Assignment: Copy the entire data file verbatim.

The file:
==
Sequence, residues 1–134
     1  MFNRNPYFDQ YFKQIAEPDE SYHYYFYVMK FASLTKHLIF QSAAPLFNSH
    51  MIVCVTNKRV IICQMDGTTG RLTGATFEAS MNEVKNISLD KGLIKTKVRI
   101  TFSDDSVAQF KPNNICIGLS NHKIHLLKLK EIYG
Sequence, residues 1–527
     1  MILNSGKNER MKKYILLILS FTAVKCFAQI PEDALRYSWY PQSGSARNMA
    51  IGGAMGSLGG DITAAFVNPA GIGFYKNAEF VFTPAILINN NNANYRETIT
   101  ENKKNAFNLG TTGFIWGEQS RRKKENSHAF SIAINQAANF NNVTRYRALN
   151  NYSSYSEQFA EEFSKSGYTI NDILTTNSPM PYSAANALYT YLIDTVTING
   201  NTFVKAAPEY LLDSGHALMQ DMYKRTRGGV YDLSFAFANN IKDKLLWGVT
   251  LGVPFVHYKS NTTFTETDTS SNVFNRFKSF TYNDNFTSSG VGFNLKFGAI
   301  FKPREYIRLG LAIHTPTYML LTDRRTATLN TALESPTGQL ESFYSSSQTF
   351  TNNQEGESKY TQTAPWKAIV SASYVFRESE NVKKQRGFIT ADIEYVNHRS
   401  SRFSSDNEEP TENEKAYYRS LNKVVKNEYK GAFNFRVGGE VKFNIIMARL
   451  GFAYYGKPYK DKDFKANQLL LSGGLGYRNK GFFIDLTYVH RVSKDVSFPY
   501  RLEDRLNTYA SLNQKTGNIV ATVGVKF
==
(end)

Sequence, residues 1–134
     1  MFNRNPYFDQ YFKQIAEPDE SYHYYFYVMK FASLTKHLIF QSAAPLFNSH
    51  MIVCVTNKRV IICQMDGTTG RLTGATFEAS MNEVKNISLD KGLIKTKVRI
   101  TFSDDSVAQF KPNNICIGLS NHKIHLLKLK EIYG
Sequence, residues 1–527
     1  MILNSGKNER MKKYILLILS FTAVKCFAQI PEDALRYSWY PQSGSARNMA
    51  IGGAMGSLGG DITAAFVNPA GIGFYKNAEF VFTPAILINN NNANYRETIT
   101  ENKKNAFNLG TTGFIWGEQS RRKKENSHAF SIAINQAANF NNVTRYRALN
   151  NYSSYSEQFA EEFSKSGYTI NDILTTNSPM PYSAANALYT YLIDTVTING
   201  NTFVKAAPEY LLDSGHALMQ DMYKRTRGGV YDLSFAFANN IKDKLLWGVT
   251  LGVPFVHYKS NTTFTETDTS SNVFNRFKSF TYNDNFTSSG VGFNLKFGAI
   301  FKPREYIRLG LAIHTPTYML LTDRRTATLN TALESPTGQL ESFYSSSQTF
   351  TNNQEGESKY TQTAPWKAIV SASYVFRESE NVKKQRGFIT ADIEYVNHRS
   401  SRFSSDNEEP TENEKAYYRS LNKVVKNEYK GAFNFRVGGE VKFNIIMARL
   451  GFAYYGKPYK DKDFKANQLL LSGGLGYRNK GFFIDLTYVH RVSKDVSFPY
   501  RLEDRLNTYA SLNQKTGNIV ATVGVKF